1. Patients with diabetes and high polygenic risk scores are at an increased risk of developing gestational diabetes.

2. Assessment of polygenic risk scores amongst high-risk patients may improve opportunity for early intervention for gestational diabetes.

Level of Evidence Rating: 2 (Good)

Study Rundown: Gestational diabetes is a common diagnosis during pregnancy which increases the risk of poor maternal and fetal outcomes. One of the strongest risk factors for gestational diabetes (GDM) is a previous diagnosis of diabetes mellitus. Previous work has identified genetic variants which increase the risk of diabetes and GDM, although it remains unclear how lifestyle factors such as level of physical activity interact with this model. The present study sought to understand how exercise and genetic risk for diabetes influence risk of GDM in nulliparous women in the United States.

A total of 3533 women were included in this study. Patients diagnosed with GDM had higher polygenic risk scores than women without a GDM diagnosis. High polygenic risk score was associated with increased risk of GDM diagnosis. Conversely, higher levels of physical activity were associated with reduced risk of GDM. Patients who demonstrated low levels of physical activity in early pregnancy were more likely to develop GDM eventually. The following factors were also associated with increased risk of GDM both independently, as well as in combination with low physical activity levels and high polygenic risk scores: maternal age over 35 and body mass index over 25.

This cohort study by Pagel et al provides evidence that low levels of physical activity in combination with genetic predisposition increase risk of gestational diabetes mellitus in nulliparous patients during their first pregnancy. This information may be useful in identifying patients at elevated risk of GDM and offering early intervention to avoid adverse maternal and fetal outcomes. A strength of this study is the large sample size and collection of data from multiple sources (i.e., genetic, clinical, self-reported). However, the results of this study may have limited generalizability due to the stringent inclusion criteria and should be interpreted with caution given that much of the data was self-reported by participants.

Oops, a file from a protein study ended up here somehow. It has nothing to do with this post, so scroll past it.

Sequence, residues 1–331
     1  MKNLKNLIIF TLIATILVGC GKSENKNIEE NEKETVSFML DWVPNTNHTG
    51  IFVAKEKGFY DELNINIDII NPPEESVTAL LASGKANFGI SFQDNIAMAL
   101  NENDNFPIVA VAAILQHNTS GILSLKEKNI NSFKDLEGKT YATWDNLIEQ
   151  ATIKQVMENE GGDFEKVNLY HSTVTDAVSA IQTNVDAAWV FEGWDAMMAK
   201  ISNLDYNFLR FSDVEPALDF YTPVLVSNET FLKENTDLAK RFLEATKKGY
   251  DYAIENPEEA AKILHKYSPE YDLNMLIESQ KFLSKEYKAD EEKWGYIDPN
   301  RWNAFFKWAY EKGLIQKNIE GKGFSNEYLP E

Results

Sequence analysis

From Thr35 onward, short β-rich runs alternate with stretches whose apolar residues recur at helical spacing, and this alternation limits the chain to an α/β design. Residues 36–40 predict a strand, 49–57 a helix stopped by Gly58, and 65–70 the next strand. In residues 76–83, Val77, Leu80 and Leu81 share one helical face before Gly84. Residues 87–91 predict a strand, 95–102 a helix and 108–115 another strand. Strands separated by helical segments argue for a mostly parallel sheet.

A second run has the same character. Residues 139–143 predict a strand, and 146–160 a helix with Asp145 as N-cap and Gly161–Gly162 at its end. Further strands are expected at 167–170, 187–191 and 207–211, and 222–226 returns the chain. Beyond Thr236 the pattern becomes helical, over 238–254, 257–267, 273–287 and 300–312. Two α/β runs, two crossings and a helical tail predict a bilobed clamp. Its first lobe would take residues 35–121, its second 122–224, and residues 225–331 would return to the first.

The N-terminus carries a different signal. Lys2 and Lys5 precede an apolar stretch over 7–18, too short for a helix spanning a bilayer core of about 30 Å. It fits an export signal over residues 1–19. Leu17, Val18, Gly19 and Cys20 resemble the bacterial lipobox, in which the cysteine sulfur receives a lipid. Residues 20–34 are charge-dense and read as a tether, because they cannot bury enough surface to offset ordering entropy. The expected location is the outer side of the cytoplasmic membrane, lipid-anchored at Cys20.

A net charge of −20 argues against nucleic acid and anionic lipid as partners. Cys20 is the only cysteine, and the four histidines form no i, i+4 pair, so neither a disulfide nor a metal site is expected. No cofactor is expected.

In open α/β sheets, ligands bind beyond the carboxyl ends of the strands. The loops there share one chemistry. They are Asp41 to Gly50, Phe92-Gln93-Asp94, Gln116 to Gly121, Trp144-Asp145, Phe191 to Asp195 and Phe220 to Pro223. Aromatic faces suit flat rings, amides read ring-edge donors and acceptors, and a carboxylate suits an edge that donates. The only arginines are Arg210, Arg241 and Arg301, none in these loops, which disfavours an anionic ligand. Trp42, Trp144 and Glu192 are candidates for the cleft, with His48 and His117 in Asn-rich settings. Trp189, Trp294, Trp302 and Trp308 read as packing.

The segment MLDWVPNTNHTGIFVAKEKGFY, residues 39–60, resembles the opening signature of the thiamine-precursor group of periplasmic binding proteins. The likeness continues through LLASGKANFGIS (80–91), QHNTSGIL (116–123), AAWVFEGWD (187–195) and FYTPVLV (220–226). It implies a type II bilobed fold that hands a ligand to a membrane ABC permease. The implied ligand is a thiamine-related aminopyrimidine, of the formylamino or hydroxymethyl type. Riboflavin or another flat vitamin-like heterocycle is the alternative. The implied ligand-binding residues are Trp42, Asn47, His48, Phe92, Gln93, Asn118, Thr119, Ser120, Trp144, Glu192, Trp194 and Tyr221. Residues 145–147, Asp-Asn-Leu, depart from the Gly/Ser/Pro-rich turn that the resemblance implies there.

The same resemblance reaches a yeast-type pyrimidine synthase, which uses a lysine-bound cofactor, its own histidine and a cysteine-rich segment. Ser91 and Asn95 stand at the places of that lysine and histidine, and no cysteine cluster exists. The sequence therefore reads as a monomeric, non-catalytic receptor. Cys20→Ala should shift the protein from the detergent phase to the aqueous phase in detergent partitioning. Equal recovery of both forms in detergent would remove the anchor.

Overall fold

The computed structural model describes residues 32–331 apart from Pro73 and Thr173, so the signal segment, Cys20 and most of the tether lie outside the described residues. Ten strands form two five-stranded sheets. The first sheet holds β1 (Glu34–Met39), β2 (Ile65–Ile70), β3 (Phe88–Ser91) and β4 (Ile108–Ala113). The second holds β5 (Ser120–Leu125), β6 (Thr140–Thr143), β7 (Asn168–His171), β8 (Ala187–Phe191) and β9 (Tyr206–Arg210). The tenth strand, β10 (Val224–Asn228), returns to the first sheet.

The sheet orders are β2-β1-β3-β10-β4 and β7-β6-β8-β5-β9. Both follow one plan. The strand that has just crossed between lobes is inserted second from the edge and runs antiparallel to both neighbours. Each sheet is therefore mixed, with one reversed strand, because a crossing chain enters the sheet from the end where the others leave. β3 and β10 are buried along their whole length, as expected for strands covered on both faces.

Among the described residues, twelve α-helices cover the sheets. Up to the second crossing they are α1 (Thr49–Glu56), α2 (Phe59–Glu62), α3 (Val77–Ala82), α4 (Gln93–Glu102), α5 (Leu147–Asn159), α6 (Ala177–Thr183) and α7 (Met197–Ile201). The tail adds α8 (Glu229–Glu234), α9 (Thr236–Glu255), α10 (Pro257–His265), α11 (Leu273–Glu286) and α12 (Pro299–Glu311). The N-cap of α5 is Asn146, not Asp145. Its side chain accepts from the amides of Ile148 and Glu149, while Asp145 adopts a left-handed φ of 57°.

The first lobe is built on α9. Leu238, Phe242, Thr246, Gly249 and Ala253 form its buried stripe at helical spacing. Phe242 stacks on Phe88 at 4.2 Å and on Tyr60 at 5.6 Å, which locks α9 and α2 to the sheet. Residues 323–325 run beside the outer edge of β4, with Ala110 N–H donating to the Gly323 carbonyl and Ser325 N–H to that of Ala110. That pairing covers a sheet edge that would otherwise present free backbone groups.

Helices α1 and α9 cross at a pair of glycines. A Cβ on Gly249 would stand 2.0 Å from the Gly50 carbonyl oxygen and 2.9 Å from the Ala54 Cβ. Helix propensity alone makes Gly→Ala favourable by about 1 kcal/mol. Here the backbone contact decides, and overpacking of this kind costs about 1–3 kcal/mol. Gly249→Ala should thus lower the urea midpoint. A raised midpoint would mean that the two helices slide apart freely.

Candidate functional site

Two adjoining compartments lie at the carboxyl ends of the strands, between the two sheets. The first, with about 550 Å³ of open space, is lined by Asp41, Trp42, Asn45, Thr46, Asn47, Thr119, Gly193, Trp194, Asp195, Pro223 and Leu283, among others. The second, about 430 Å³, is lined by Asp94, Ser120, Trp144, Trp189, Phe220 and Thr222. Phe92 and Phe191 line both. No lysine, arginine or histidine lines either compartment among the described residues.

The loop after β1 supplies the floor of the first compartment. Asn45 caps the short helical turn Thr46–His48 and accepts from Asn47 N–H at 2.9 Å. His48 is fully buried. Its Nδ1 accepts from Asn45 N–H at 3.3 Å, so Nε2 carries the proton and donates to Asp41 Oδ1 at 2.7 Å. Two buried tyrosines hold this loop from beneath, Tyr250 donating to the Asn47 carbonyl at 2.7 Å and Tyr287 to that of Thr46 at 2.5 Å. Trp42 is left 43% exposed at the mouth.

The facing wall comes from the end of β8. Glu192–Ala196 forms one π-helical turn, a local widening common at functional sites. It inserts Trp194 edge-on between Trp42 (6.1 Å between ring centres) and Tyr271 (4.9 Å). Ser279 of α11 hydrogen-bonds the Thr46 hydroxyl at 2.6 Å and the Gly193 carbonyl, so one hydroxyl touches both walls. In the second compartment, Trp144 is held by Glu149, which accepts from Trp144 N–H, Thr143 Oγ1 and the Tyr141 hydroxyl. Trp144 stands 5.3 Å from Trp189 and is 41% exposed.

Click here to read this study in JAMA

Relevant reading: Risk factors for gestational diabetes: is prevention possible?

In Depth [prospective cohort]: This was a multicenter cohort study conducted in the United States. Patients were enrolled between 2010 and 2013 and followed throughout the duration of their pregnancy and at the time of delivery. Participants were selected from a larger study cohort and were included if they were pregnant, of White race and had no history of diabetes or prediabetes prior to the study. Patients self-reported their physical activity levels and activity was standardized into measurements of metabolic equivalents. Genotyping was performed using standardized methods and their corresponding risk score was calculated based on the frequency of high-risk alleles.

Women who developed GDM had a significantly higher polygenic risk score than those who did not: the mean risk score amongst patients with GDM was 8.49 (standard deviation 0.58) and was 8.25 (0.54) amongst patients without GDM (p<0.001). The odds of a GDM diagnosis increased with each patient’s polygenic risk score compared to the mean: in the second quartile the odds ratio was 1.1 (95% confidence interval 0.60-2.0), 1.8 (1.0-3.1) in the third quartile and 2.9 (1.7-4.8) in the fourth quartile. Patients with GDM had significantly higher odds of having the lowest level of physical activity early in their pregnancy (odds ratio 0.5, 95% confidence interval 0.3-0.8).

Amongst patients 35 years or older at the time of their first pregnancy, the odd ratio for GDM amongst those with high polygenic risk score was 5.1 (2.8-9.2) and for low physical activity level was 4.5 (2.5-7.9). Amongst patients with elevated body mass index over 25, the odds ratio for GMD amongst those with high polygenic risk score was 3.2 (2.1-4.7) and for those with low physical activity was 2.4 (1.7-3.6).

Image: PD

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